The rand was weaker in afternoon trade on Thursday on the back of a struggling euro and news that Spanish banks will be downgraded.
Worries about the health of Spanish banks weighed heavily on the market in afternoon trade. Media reports said that the share price of ailing Spanish lender Bankia plunged on news that customers had withdrawn EUR1 billion in deposits and Moody's Investor Service planned to downgrade up to 21 Spanish banks.
The rand was weaker in the afternoon because the dollar regained ground and also the news that Spanish banks will be downgraded impacted on the market, a local trader said.
At 15:35 local time the rand was bid at R8.3458 to the dollar, after it touched an intraday best level of around 8.25 and compared with Wednesday's close of R8.3155, Tuesday's close of 8.3275 and Monday's close of R8.1983. Just a week ago the rand was below R8 per dollar.
It was bid at R10.5970 to the euro from R10.5775 before, and at R13.1867 against sterling from R13.2299 previously.
The euro was bid at US$1.2707 from today's best level of $1.2750 and Wednesday's close of $1.2721 and Wednesday's worst level of $1.2680.
Meanwhile, Dow Jones News Wires reported that the euro fell against the dollar in quiet European trading Thursday as investors braced for the next euro-zone-related headline and as uncertainty over Greece continued to cast a shadow over markets.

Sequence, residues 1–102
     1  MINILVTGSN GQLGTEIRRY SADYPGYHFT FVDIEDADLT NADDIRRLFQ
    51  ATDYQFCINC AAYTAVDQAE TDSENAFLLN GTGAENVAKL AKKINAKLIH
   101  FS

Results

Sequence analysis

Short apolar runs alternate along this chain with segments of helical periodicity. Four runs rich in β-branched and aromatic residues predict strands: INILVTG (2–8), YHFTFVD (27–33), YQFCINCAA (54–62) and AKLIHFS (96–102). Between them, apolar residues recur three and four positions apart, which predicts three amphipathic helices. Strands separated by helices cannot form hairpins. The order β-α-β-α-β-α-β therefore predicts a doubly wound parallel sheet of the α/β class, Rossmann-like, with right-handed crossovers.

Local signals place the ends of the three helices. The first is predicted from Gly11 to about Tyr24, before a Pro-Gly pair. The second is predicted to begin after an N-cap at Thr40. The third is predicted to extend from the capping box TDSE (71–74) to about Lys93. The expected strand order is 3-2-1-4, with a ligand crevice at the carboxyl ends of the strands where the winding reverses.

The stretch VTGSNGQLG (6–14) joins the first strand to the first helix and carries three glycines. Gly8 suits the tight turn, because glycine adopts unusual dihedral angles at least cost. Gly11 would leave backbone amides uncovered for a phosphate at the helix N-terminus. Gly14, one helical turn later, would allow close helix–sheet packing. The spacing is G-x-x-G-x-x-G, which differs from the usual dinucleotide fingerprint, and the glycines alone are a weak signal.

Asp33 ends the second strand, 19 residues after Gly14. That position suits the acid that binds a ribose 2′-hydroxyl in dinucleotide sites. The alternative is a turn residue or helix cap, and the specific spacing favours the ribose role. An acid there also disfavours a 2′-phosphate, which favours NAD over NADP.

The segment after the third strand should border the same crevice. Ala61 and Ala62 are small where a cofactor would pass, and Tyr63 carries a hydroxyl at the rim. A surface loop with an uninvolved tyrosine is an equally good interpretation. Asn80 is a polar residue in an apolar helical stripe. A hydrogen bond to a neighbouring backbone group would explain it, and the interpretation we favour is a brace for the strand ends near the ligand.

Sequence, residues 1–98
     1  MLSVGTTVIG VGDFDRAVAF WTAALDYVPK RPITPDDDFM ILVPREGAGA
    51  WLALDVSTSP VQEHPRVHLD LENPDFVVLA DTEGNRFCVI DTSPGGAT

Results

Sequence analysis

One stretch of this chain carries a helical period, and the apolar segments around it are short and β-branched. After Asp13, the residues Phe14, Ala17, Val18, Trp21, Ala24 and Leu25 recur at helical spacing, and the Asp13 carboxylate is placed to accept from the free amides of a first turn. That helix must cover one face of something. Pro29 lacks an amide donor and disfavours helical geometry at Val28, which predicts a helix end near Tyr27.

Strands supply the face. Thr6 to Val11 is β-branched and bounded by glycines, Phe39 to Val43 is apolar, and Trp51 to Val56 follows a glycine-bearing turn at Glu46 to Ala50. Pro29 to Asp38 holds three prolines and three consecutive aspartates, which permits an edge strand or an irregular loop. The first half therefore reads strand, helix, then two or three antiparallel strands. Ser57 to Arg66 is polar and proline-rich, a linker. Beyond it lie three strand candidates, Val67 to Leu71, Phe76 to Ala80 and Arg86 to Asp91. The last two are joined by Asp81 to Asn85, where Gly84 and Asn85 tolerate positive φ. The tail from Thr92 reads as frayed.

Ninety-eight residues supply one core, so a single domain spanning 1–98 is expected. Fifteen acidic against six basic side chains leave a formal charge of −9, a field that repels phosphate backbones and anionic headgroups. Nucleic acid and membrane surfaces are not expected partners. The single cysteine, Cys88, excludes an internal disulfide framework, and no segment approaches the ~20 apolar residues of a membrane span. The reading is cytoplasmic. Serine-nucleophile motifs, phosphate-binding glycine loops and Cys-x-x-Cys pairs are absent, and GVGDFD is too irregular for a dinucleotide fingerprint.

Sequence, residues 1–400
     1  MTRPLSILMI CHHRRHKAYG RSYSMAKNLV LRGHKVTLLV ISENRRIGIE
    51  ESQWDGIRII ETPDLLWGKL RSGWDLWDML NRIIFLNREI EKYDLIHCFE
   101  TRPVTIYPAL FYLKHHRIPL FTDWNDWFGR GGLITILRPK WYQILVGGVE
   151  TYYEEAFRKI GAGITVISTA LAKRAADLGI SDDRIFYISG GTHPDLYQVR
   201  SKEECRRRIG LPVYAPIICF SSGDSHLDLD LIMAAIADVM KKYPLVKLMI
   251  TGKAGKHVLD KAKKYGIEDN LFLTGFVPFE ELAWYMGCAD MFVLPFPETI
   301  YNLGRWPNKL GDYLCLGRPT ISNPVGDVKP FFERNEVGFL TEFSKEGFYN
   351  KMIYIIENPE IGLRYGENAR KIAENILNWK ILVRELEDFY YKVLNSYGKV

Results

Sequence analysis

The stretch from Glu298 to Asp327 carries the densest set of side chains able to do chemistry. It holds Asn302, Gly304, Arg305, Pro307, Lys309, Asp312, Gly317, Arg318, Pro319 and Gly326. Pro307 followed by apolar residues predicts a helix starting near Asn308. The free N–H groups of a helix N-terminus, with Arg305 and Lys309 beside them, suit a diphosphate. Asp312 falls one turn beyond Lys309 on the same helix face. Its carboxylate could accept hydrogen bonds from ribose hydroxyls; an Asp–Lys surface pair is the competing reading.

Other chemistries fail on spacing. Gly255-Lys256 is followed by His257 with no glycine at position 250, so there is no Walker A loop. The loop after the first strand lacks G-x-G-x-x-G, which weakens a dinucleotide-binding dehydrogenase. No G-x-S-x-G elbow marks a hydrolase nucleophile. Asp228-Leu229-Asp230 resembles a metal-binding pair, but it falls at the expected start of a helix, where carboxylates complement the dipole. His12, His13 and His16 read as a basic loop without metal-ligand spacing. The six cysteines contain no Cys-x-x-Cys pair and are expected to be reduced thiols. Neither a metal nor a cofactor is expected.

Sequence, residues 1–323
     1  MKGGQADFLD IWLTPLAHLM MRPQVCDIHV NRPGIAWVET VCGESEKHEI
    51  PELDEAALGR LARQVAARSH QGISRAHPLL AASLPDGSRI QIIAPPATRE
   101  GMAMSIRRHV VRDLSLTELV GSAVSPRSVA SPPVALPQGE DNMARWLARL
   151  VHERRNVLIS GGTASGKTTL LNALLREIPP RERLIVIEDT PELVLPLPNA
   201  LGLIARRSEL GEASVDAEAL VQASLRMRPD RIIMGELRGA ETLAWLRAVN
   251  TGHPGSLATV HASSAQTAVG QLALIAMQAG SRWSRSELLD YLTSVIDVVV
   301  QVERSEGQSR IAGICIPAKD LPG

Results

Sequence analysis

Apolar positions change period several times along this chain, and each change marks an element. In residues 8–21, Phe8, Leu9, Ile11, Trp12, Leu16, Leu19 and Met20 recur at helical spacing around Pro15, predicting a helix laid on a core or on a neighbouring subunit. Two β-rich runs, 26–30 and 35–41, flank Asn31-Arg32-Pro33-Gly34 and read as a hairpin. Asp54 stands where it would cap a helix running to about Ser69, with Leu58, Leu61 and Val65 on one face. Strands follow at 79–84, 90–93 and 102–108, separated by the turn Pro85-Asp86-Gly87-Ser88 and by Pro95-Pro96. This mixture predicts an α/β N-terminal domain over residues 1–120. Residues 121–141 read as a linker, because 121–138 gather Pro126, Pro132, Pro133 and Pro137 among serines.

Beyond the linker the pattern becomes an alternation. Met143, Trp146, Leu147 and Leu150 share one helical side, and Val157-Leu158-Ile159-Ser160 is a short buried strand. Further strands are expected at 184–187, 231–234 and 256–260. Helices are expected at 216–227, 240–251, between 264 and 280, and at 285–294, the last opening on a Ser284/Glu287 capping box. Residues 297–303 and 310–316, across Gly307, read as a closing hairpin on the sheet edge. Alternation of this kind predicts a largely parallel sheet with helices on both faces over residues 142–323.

Dealing volumes were low with parts of Europe out for the Ascension Day holiday, even as equities turned red after a steady start to trading, with banking stocks among the worst performers.
The euro also hit its lowest level against the yen since Feb. 16 as an interim government was inaugurated in Greece ahead of an expected second round of elections on June 17.
Moves in emerging-market currencies were largely dictated by the sustained uncertainty in the euro zone, which kept them under pressure. Strategists noted that the political paralysis in Greece could push the euro above HUF300 against the forint while euro-zone woes also weighed on the Russian ruble and the Czech koruna.
Bonds little change despite weak rand
South African bonds were little changed in afternoon trade on Thursday despite a weaker rand as foreigners provided support.
The weaker rand gives foreigners a cheap entry into our bond market, so we have seen decent demand from them, a bond trader said.
At 15:52, the benchmark R157 bond was trading at 6.450 percent from Wednesday's close of 6.480 percent and Tuesday's close of 6.490 percent. The R207 was bid at 7.645 percent and offered at 7.630 percent from a previous close of 7.680 percent and the R186 was trading at 8.325 percent from its close of 8.350 percent.